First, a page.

They are always : 1. fidgety 2. Inattentive 3. Do not complete their work 4. Talk excessively 5.
Interrupt others

Of course all children exhibit such symptoms at times but the difference between mischievous and hyperactive child is that in hyperactive child these symptoms are present for a longer period of time and this hampers their social and academic behavior. These children demand special attention and they need to be addressed differently. Treating such misbehaving children requires a lot of patience. Our concern should be focused on the appropriate way to deal with these unruly children. The conventional methods of punishment are no longer fruitful. We should think of some innovative ideas of punishment too. The child should never be humiliated in front of the whole class. Expelling the child from the class is also no solution for this unruly behavior. It will be detrimental to his/ her personal growth. Sound teaching is possible only when children follow the general code of conduct in the classroom. However, generally It is observed that in spite of all these efforts a teacher faces many problems while delivering her lesson. There are many children in a class who find it difficult to concentrate on the topic being discussed. They silently indulge in activities which hinder quality teaching.

innovative instructor Now the question arises , how to handle these mischievous children. Generally , it is observed that when faced with such a situation , a teacher gets infuriated and scolds the child very badly . The child is either sent to the principal or punished and suspended from further studies. This is not a constructive measure to remedy the behavior of the child. The effective teaching involves acquiring relevant knowledge about students and using that knowledge in classroom teaching. This can be obtained by regular parents cooperation through parents teacher association. Most of the times it is observed that various conditions of life at home and school also influence child‘s behaviour. There are a few students , who succeed despite their poor family lives, but most students need parental support and guidance in their day to day activity. And if these things are denied to them ,the consequences are hazardous not only to the child but also for the parents as well as the society at large. These children either become slow learners or hyper active. Handling such children is the biggest challenge today. Their energy has to be channelized in the right direction. To bring them to a satisfying level of behavior they need to be orchestrated with other students of the class. Establishing what they want would help determine the appropriate remedy for the benefit of such children. The most suitable idea that can be incorporated with mainstream teaching is to provide them with a specific environment away from the classroom activity where they can introspect .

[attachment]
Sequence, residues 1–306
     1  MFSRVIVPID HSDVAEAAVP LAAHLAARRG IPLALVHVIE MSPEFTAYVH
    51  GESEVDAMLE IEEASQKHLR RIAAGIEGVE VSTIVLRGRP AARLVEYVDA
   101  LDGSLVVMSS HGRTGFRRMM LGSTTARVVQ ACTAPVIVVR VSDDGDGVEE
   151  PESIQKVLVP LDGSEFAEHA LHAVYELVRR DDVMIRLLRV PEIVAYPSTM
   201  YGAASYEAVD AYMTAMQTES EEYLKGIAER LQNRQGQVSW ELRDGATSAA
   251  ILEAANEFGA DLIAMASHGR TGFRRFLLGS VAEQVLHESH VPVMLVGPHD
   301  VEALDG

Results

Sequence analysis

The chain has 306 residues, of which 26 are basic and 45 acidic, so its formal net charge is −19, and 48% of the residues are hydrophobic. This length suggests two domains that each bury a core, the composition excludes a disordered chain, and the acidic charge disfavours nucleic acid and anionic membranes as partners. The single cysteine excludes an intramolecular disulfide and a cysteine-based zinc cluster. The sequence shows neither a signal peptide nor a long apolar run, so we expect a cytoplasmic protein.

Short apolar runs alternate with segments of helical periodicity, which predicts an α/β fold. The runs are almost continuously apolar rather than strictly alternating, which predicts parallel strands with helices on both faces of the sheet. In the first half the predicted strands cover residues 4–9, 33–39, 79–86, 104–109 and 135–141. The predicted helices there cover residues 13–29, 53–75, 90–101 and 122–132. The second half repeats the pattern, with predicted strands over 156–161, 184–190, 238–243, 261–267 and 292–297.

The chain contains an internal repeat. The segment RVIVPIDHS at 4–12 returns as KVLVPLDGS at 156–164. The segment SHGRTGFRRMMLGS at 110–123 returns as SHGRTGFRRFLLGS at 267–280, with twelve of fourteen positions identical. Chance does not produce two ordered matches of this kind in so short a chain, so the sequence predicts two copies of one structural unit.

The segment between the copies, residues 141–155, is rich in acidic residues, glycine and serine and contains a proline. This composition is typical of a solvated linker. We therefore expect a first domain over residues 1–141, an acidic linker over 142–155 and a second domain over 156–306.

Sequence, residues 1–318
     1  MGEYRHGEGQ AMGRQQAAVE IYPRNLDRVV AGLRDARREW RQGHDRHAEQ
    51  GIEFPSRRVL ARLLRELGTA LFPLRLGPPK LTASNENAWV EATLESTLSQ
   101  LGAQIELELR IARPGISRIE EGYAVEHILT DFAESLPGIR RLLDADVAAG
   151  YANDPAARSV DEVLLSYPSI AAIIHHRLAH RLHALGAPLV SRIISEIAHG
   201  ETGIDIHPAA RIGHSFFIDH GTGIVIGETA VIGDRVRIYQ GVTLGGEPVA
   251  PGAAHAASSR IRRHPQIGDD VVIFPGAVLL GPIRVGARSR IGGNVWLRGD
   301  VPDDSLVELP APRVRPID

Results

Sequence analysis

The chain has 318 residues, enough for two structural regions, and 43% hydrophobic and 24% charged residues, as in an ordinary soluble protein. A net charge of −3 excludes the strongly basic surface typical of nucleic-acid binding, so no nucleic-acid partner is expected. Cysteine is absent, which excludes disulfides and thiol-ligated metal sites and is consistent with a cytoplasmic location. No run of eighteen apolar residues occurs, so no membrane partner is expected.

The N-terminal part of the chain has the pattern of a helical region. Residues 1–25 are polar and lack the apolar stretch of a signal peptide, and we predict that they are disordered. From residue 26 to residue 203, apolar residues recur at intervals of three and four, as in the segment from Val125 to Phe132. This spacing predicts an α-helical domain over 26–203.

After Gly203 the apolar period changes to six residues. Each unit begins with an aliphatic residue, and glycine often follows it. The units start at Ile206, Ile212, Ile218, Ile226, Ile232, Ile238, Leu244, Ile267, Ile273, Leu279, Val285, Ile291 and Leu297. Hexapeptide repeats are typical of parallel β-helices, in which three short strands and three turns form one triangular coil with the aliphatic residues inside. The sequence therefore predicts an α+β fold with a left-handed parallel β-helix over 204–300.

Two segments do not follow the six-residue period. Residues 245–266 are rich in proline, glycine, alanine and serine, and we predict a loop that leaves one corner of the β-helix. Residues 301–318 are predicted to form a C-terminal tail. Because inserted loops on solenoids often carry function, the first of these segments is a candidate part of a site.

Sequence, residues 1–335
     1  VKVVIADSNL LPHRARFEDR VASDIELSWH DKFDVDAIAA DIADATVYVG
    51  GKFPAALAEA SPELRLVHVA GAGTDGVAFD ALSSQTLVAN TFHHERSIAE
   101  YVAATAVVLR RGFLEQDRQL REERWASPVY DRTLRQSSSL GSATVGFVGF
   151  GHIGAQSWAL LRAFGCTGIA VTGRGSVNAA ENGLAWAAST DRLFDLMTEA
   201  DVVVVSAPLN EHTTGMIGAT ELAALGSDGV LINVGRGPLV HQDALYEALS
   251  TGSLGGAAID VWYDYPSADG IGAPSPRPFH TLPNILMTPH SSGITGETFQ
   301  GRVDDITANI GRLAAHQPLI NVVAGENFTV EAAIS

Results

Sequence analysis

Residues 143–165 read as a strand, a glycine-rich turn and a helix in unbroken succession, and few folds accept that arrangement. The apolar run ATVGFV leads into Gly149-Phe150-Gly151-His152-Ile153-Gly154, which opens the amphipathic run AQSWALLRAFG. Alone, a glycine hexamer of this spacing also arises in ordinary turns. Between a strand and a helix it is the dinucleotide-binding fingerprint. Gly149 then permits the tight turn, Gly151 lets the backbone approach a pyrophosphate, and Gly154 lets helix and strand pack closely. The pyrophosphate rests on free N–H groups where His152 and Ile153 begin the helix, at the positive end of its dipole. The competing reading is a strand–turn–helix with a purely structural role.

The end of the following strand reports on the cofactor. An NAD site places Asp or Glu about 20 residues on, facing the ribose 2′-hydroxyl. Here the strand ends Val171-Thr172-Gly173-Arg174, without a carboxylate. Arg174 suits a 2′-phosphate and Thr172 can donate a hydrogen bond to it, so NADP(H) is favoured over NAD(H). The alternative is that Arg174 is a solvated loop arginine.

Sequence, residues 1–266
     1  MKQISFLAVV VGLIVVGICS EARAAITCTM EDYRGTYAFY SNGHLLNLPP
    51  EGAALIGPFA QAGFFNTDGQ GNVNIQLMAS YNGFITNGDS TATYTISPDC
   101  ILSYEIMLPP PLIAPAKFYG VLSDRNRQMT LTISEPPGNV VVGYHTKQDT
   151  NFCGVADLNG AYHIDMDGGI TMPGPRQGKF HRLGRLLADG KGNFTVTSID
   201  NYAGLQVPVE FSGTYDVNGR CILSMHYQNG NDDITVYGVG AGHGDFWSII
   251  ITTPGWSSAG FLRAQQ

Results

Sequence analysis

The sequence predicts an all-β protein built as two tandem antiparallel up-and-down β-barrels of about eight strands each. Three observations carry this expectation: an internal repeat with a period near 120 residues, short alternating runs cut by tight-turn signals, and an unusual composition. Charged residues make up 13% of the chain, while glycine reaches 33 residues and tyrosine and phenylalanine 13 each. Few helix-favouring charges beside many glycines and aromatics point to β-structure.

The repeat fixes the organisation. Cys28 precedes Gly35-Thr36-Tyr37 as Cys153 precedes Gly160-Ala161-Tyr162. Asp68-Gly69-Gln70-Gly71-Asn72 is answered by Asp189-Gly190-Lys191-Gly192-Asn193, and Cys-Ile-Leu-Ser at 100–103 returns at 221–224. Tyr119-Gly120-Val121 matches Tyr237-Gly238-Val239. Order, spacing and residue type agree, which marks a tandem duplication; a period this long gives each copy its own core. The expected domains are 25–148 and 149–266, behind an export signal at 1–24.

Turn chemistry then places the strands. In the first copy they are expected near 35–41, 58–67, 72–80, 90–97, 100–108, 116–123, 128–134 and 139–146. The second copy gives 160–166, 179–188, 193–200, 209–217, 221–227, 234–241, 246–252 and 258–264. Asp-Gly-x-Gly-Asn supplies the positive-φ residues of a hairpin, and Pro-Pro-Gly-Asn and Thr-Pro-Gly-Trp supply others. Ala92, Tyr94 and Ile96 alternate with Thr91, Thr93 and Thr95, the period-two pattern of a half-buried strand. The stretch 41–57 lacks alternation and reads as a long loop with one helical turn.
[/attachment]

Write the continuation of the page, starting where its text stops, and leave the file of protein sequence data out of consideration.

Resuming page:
Similarly, the traditional approach to deal with mischievous children is either verbal or non-verbal. Verbal approach includes asking questions repeatedly , warnings over disagreeable conduct, describing rules and classrooms norms etc. non –verbal includes gestures , facial expressions and stern look that convey a silent message to the students who play mischief. Generally teachers give strict warning or ‘angry look’ to warn a mischievous child. But if these verbal and non-verbal approach leave no effect on child’s attitude then the teacher can enforce some sort of non- physical punishment like detention from some important activity , exclusion from group activity, giving some extra homework etc. Another important strategy to tackle such misconduct is to assign them some responsibility and giving reminders daily to fulfil the task . This will enable them to remain focused. Enforcing severe punishment and reprimanding the child will push him to follow some unfair ways to hide his insult. So, keeping all these aspects in mind it becomes necessary that these unruly children should be dealt with judiciously . The present day scenario is entirely different from the past. Now a days the teacher is not a hard- task- master rather he is a friend to a child. Thus instead of ridiculing , he should be given a conducive atmosphere where his disruptive activities can be mitigated. There is no better solution other than these special rooms. As I see it today , promulgation of such inventive measures of punishment will bring complete overhauling of the child’s behavior. The practice of meditation would prove a great help in disseminating positive energy affecting their mind, body and soul. Thus providing a welcoming atmosphere to their disruptive behavior would be a very positive step forward. This would also ensure that the school truly caters the needs of the individual child. It is hoped that this innovative approach would work wonders for the benefit of the students.

This article is published in The New Leam, JUNE 2017 Issue( Vol .3  No.25) and available in print version. To buy contact us or write at  thenewleam@gmail.com